One thing Eliot believed poetry could do (usually did not) was reunite the 
parts of ourselves dissociated in our time.  He made an amazing claim for 
the ability of poetry to save the mind in some way.

Date sent:      	Fri, 21 Sep 2001 22:47:45 +0100
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From:           	"Frances Rushworth" <[log in to unmask]>
To:             	<[log in to unmask]>
Subject:        	Re:OT--horror and phones

Before I make this response, I will first admit my ignorance of the many
authorities cited by Jonathon Crowther in his search for the symbolic
meaning of the acts of 9/11.  I do not share his alarm at the idea 'that
we are all accidents of one intellect and universal will', as to me it
seems to be a basic tenet of all the religions I have ever heard of, and
certainly applies to both the Christian and Muslim faiths, with all their
offshoots.  I suppose it is most simply expressed as 'In the beginning God
created...'.  The concept that we are all integral parts of an
unfathomably greater whole, is the essence of faith.  Faith is
uncertainty, beliefs are an entirely different matter.  To fathom the
'symbol', we would have to understand the beliefs of those who made it.

He goes on to talk of the terrorism of the IRA, and to say that since the
British (which includes me) have not 'leaned on them to decommission and
end their atrocities', we 'harbour terrorists and so should receive the
same treatment as any other country under the US's rules.'.  Does he truly
imagine that the British government and people cheerfully accept the
terrorism of the IRA, and that enormous amounts of political effort and
military and civilian lives have not been expended in the quest for peace?
 In the past year or so, we have come nearer to a resolution of the
conflict than we have ever been before, but this is after decades of
horror.  If I could imagine that the US would be more sucessful against
the terrorists who have been active in its own cities, I would feel far
less doom-ridden than I do.  Terrorism is not a country, not Northern
Ireland and not Afghanistan, and a 'war' cannot be waged against it.  It
is a clash of beliefs, resulting in desperate action, understanding this
clash is a prerequisite of resolution.

He asks, why can't history leave us alone?  I, too, fear the loss of the
known, but 'History is now and England.', or Montana or Pakistan.  We are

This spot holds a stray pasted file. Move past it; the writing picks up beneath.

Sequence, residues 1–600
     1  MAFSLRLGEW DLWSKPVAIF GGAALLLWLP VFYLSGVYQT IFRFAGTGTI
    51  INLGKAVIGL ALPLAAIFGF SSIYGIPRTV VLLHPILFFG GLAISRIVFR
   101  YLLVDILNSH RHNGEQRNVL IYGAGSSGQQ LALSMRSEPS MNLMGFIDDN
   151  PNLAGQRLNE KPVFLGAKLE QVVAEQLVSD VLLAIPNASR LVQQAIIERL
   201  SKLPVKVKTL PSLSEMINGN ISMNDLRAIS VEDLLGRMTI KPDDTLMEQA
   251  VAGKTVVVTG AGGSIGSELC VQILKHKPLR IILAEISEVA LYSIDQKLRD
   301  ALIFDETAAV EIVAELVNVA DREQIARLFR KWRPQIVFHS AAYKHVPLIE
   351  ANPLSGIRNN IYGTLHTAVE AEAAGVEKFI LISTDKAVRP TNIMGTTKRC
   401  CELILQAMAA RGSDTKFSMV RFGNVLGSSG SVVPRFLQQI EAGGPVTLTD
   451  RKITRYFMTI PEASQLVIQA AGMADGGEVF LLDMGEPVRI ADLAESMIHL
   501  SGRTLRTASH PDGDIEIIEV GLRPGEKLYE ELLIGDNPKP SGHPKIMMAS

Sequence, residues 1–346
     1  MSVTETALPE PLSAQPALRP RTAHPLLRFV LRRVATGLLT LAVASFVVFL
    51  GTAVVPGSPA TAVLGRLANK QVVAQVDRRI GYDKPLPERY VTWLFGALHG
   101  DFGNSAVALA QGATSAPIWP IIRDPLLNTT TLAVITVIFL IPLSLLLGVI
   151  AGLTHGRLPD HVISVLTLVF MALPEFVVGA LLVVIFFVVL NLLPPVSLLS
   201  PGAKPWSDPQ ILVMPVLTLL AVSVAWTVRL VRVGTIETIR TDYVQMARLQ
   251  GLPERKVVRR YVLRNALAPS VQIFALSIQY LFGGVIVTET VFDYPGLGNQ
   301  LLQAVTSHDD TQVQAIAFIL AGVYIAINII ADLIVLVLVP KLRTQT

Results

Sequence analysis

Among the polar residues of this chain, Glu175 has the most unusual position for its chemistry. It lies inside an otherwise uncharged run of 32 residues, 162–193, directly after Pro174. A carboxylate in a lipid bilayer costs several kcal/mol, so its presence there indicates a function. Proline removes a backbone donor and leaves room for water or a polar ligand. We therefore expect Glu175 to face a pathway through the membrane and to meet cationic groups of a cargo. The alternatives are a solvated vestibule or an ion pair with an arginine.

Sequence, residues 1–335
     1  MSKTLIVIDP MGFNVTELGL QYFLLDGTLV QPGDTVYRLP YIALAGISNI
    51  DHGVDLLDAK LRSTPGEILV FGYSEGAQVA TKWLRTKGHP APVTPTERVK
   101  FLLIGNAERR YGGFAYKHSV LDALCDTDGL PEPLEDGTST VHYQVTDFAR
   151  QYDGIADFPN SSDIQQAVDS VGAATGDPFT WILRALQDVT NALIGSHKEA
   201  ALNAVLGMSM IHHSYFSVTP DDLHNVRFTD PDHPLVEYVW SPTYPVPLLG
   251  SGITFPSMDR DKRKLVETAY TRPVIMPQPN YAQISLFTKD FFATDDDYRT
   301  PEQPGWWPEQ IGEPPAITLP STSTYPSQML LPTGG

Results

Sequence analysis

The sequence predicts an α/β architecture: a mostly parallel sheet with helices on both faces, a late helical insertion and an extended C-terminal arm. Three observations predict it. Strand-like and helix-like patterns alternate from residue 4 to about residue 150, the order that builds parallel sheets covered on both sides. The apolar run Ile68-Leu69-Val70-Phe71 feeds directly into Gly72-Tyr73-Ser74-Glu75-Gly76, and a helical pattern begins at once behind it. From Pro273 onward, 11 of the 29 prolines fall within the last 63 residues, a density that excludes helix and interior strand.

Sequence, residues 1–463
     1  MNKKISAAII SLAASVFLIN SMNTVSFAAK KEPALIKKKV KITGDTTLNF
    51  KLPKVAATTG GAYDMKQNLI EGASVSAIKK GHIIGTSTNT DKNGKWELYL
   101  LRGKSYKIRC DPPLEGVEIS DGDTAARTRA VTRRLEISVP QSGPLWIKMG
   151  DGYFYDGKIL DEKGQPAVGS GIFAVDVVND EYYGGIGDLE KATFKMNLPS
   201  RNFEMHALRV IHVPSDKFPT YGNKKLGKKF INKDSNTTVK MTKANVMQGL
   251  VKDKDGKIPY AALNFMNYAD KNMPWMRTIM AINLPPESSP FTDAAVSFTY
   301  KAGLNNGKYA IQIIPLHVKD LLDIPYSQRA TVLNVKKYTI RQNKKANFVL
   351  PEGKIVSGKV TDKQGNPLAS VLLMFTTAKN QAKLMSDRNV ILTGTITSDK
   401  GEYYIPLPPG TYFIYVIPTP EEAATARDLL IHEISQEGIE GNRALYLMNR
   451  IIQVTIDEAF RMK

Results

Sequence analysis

all history, and no adult is an innocent victim.  One might wish to grade
the degree of guilt we bear, from the Americans who bankrolled the IRA, to
the men who planted the bombs in London, from the people who own the sweat
shops in the Far East, to the woman who buys cheap clothing for her
children.  We are all responsible for the world we live in, by what we do
and what we don't do, and what we choose never to consider.   'Go,go, go,
said the bird: human kind Cannot bear very much reality.  Time past and
time future What might have been and what has been  Point to one end,
which is always present.'  I don't like it at all, but I am with Ken
Armstrong when he writes that 'the tragic is ... bred in the bone.'  I
share Tom K's distress when he feels compelled to conclude that the events
of  9/11 comprise tragedy for the terrorists, but don't you see, it is a
tragedy for those who died, representing, as they did, all the Western
World, our ethos which also has flaws.

I am so happy!  My mum just phoned to tell me that my youngest brother,
who was climbing in Northern Pakistan, has crossed the border into India. 
I talk a good game, concern for the big picture, but really, my fear for
all those who live in the Himalayas is as nothing, compared to the relief
I feel that the boy is out of there.  I returned to The Four Quartets,
knowing they were published before the end of the Second World War, hoping
for a light on the times.  Initially, I felt disappointed, almost
revolted, that TSE could have focussed so on the personal experience, when
he wrote at a such a time and place.  Now I feel that the personal is the
only place we can make a sure start.  I originally intended to write
asking if anyone knew what TSE saw as the purpose of poetry in general and
his own in particular.  Was it simply self-expression?  I would still like
to know - I have only read the poetry, not the autobiographies or
critiques.  I only subscribed to this site a few days ago and I have been
fascinated by the email, and distracted from my worry, so thanks.  Thanks
particularly to Rickard, for the Auden poem that restored my faith in the
relevance of poetry.

To get heavy again, if poetry can help our understanding, it then becomes
incumbent upon us to think, opine, and respond - to act, but not to react.


P.S. What does 'Dude, that's whack' mean?